Right? That is a terrible thing to suggest. Yes. Like, that's like a requirement for a long health, you know. That's another reason why birth doula work is so taxing because you don't sleep, right? Like, if you were pregnant, you're my client you'd call me or text me at like, in the evening and say, "hey, I think something's starting," which is usually how my clients tell me and I'm like, "okay, what's going on?" You know, walk them through, like just what's—let's make a plan for the night. But then I don't sleep, because I'm expecting them to call me. And they might not call me till seven or eight in the morning but I lost a night asleep because I'm so anxious about them either laboring home alone or being called to go to their house or them calling me telling me, "hey, we're on our way to the hospital. Can you meet us there?" And then, you know, so It's a lot of like, I'm like, the way that I think about it is like I'm fucking up my circadian rhythm purpose. [Laughs] I don't know how good I feel about this. And a lot of that like it's it's exciting because I get to choose the clients I work with like my doula might be my doula partner we see that was like the same delivery. Like if we're sitting down we were interviewing, same when you're interviewing us to see if we're your doula team, we're also interviewing you. Because the moment that you call us, I'm leaving my life, I'm leaving my life. I'm leaving my kid with his dad or I'm leaving—I don't—I don't know where he's going to be. And I don't know when I'm going to be back. And so this has to be like a true partnership. This is has to be a commitment that after this baby's born, like we're going to like each other, and we're going to be friends, because this is this is a real deal. This is not just any kind of relationship. And I think a lot of people like that. I think a lot of people when they're in the moment of bringing a baby into this world. Safety and security is like priority in many ways in their home, their food, their relationships, their job, their happiness. And then just I wonder if like, if we're more clear about these things, maybe before we think we want to bring a child into this world, or create that type of family, they're like, there those are good conversations and points to, to have either if you're choosing to do it alone, because there are people who are single parenting, or especially if choosing to do it someone else, you know, which probably is, I'm not going to say one is harder than the other because their [...] life is hard [laughter] there's no other way to put it but, yeah [sighs]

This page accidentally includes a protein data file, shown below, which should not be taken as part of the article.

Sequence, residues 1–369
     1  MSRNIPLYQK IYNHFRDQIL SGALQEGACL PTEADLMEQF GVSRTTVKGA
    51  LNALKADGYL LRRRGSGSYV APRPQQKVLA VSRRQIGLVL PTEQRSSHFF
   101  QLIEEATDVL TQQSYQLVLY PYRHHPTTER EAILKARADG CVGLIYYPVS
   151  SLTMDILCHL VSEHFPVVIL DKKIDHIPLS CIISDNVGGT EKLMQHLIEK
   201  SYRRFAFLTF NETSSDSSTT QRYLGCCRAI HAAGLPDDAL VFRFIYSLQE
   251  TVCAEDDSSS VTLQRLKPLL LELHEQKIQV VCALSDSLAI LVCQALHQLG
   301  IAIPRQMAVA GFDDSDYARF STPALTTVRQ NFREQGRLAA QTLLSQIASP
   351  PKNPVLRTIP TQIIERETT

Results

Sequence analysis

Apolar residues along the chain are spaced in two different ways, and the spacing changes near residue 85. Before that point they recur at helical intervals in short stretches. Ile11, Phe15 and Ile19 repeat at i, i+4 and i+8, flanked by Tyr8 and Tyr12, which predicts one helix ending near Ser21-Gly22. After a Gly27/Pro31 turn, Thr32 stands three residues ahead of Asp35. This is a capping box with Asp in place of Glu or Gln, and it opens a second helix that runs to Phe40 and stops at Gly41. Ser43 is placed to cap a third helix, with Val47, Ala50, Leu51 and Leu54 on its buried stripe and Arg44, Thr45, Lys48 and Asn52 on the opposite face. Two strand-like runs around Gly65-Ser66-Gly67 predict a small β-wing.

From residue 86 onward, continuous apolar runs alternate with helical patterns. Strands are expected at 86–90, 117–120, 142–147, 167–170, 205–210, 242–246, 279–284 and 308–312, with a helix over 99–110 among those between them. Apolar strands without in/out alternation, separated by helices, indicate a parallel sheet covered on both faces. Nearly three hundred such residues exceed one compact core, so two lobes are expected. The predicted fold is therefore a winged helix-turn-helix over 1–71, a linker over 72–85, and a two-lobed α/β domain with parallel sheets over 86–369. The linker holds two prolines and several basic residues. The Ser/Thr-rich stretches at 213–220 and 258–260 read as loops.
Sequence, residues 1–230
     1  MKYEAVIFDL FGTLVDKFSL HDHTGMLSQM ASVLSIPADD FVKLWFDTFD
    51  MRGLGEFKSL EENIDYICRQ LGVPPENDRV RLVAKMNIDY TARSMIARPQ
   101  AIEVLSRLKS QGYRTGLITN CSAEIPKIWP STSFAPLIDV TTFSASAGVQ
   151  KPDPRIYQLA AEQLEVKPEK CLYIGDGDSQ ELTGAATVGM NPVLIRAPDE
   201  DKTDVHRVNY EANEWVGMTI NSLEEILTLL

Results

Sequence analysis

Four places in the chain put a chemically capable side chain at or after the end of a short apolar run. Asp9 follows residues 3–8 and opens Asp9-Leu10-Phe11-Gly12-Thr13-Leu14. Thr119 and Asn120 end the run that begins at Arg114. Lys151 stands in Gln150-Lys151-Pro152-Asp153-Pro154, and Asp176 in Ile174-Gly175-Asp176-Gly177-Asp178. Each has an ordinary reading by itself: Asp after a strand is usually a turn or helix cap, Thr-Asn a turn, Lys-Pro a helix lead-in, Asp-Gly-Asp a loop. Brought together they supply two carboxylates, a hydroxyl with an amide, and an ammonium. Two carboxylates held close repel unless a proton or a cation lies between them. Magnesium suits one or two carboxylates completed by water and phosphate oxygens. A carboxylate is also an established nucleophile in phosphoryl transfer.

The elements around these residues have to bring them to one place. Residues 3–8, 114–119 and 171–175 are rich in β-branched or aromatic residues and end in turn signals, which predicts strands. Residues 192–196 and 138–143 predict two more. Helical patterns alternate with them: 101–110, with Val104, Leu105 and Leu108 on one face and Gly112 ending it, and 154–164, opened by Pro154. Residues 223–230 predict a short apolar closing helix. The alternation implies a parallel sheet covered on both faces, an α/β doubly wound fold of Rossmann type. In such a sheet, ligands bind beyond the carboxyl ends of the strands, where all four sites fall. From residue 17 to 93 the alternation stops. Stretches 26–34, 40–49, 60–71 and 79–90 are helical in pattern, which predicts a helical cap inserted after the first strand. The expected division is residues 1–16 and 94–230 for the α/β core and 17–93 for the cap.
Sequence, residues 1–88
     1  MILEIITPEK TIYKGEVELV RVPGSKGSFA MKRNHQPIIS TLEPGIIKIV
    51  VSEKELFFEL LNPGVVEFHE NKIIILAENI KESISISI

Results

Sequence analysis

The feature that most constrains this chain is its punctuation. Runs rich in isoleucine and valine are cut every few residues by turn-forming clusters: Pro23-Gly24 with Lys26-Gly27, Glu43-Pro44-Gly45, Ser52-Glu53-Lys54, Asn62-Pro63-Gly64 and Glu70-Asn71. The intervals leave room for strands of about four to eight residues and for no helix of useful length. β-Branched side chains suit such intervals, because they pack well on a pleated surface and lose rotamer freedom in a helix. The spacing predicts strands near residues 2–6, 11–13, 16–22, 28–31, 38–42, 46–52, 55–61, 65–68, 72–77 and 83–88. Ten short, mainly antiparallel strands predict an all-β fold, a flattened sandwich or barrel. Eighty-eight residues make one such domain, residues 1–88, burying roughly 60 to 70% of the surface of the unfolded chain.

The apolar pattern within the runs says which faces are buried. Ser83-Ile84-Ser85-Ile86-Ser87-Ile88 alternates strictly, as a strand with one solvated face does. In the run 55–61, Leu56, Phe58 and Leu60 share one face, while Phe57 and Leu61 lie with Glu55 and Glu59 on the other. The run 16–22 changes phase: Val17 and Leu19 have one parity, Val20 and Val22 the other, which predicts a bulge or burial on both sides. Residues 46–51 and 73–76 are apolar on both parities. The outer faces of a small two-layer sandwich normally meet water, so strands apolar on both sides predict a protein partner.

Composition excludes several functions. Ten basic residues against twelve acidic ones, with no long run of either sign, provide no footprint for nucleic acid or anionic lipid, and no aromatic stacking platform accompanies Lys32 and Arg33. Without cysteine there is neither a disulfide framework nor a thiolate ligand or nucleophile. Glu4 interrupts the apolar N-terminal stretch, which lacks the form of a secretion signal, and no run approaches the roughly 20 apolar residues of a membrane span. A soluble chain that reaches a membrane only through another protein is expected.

There are so few relationships like that, where, you know, we you're like entering into this kind of, like, long term spiritual exchange where that's extremely vulnerable and a lot of work. What else is like that?
I don't know. I think about that all the time because [..] I don't know, it's like serious work like, I feel really fortunate to know that for many people like I was present for the birth of their child like we're always going to have that and that's exciting to me. And I like that's how I frame it like I was there, I would—you invited me, we did this together. We all worked in, you know, worked for this very important mission. Like I say the bare minimum is to—the bare minimum—is that the both of you are alive. That's the fucking bare minimum. Where we should be reaching is like the fucking stars, like you were so happy, like this was like it maybe even orgasmic right? Like that is possible. But again, we're so far from understanding this experience that when people hear even that term, like an orgasmic birth, which is like a thing. They're just like, "[scoffs] that is not for me," I'm like, "okay... Why not?" Let's do that, you know? Um yeah.
That you bring that up reminds me that I've recently been realizing that orgasming at all is not something that everyone experiences—
That it's something like in a survey done of, women in it or vagina havers in France and America, like 18 to 20 percent have never had an orgasm, or once in their life, it's like once to never. And then there's a much larger percentage that can only have it by themselves, masturbating and then a smaller percentage that can have it reliably with another person.
That’s a rough life.
Yeah. [Laughter] And I'm just thinking of like, all of the—all of the circumstances of the like patterns in social norms and literacy around our own bodies and my pleasure that led to us like led to many people thinking that the theme that quote unquote "female orgasm" is a mystery and it's like hard to achieve is the same system that is bringing people, that is bringing people in to give birth to other people. And like they don't you don't— like the clit, the full anatomy of the clit wasn't even discovered till the 90s and you're going to expect people to have like healthy and like, births that feel good?